While common questions about agrisolar are answered in the Q&A page on the website, more specific questions can be brought to us by chat, email, or phone (connect here). The agrisolar team at NCAT, as well as our project partners, can provide one-on-one technical assistance. If you have a farm and are thinking of the possibilities of solar energy, you no doubt have some questions about how and where to get started.
NCAT works with over 30 partners and stakeholders on the ASC project, including national energy laboratories, the Smithsonian, universities, the solar industry, agriculture, pollinator organizations, solar grazing associations, and rural policy centers across the country. In addition to helping with technical assistance, partners are working with NCAT to develop best practices, educational material, webinars, publications, and a podcast series. Partners have also agreed to act as mentors for the peer-to-peer learning component of the project. As a part of the ASC networking mission, we are connecting and facilitating mentor relationships between less-experienced agrisolar developers and farmers, developers, grazers, and researchers who have specific knowledge, skills, and experience in agrisolar best practices.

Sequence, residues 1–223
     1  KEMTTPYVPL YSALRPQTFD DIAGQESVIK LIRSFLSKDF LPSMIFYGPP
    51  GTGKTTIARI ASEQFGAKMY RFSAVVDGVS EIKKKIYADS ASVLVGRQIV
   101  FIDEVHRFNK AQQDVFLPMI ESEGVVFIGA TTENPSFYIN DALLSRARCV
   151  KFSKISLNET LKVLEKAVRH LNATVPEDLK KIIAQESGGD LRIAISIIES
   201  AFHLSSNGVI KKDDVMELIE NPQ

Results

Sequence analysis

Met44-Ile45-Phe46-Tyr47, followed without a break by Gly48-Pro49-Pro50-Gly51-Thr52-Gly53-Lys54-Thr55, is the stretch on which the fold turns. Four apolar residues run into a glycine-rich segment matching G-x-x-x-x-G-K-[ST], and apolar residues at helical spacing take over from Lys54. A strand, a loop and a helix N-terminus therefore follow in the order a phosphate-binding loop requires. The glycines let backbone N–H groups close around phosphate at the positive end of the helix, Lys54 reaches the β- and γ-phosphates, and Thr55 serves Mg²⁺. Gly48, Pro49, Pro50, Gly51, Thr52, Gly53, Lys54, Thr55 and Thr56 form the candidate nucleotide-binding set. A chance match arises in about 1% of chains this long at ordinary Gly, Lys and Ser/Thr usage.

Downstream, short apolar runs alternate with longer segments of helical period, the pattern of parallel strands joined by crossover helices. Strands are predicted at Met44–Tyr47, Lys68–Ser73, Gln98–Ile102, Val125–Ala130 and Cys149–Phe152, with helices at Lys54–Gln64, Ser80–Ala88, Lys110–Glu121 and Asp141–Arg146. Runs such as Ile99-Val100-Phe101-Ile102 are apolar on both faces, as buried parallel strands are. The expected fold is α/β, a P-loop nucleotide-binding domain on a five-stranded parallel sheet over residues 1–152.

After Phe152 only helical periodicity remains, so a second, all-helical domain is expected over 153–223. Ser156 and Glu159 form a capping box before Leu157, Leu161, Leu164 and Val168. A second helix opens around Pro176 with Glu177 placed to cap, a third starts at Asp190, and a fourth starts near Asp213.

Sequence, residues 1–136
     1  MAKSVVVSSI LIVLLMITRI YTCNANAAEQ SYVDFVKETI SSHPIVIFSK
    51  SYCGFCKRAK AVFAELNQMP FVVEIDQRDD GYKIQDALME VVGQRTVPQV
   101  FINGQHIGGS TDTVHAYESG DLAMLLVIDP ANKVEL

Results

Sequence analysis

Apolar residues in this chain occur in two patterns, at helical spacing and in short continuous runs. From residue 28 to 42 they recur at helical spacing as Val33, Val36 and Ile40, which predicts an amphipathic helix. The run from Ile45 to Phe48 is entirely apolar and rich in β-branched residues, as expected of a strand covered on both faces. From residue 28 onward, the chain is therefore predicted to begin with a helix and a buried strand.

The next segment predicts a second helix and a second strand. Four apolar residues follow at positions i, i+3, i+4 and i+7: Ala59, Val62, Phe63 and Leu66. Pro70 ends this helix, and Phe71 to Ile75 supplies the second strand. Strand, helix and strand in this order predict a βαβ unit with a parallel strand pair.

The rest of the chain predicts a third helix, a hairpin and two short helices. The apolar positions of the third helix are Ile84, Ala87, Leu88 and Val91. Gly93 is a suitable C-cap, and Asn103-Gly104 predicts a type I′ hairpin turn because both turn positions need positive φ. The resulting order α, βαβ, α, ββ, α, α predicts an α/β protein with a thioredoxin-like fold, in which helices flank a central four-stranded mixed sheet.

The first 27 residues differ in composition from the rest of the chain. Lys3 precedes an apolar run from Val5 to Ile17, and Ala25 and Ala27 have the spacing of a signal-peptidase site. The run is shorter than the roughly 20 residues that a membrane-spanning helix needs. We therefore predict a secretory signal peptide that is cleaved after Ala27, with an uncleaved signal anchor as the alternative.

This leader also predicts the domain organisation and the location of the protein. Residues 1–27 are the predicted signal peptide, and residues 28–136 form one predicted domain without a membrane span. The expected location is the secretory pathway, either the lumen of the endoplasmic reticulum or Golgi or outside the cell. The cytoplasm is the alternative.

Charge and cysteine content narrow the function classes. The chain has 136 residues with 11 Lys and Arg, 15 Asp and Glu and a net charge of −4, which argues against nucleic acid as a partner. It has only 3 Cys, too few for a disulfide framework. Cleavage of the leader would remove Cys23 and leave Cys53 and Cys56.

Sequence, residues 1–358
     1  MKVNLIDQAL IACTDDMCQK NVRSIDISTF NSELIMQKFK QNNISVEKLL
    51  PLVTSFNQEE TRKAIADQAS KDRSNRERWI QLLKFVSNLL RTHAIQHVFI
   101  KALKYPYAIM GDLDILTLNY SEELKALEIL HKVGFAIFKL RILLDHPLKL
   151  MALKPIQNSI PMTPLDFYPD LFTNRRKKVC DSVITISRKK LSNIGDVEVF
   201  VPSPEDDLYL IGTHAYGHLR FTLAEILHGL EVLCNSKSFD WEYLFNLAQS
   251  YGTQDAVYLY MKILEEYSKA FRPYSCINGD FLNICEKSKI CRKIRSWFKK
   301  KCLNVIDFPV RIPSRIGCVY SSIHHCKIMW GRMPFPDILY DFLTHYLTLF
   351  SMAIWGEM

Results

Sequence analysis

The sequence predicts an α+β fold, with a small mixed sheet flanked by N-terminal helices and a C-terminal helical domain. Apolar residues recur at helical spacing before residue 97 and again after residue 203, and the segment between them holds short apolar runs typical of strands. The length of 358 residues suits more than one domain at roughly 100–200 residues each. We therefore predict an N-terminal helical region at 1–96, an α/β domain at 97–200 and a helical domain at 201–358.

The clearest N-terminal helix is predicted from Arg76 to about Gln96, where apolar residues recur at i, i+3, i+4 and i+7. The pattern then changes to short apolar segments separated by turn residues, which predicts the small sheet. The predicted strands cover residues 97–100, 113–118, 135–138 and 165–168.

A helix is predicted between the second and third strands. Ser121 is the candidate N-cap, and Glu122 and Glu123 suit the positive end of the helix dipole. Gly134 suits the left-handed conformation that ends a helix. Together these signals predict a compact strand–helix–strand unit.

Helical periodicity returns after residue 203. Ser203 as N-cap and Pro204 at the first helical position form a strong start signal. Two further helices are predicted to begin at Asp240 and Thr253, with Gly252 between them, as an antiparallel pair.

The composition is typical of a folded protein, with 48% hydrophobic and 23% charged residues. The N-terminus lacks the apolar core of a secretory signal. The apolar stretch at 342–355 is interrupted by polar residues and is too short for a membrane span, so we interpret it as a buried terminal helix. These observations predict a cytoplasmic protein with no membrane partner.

There is a lot riding on how well we can combine the benefits of solar power and agricultural practices in this new era of alternative energy and climate change. Will farmers be able to take advantage of land leasing for solar development to diversify their income streams and still produce crops or livestock on that land? Can we use the same land base to reduce our use of carbon energy sources and sequester carbon in the soil? Will this country lose quality agricultural land while trying to develop another valuable resource, sunlight, for energy production? These are complex questions that are affected by the decisions of landowners, farmers, solar developers, and local governments. NCAT’s AgriSolar Clearinghouse can bring these people together, provide trusted, practical information, and help them make good decisions in their applications of agrisolar.
Related ATTRA Resources:
This blog is produced by the National Center for Appropriate Technology through the ATTRA Sustainable Agriculture program, under a cooperative agreement with USDA Rural Development. ATTRA.NCAT.ORG.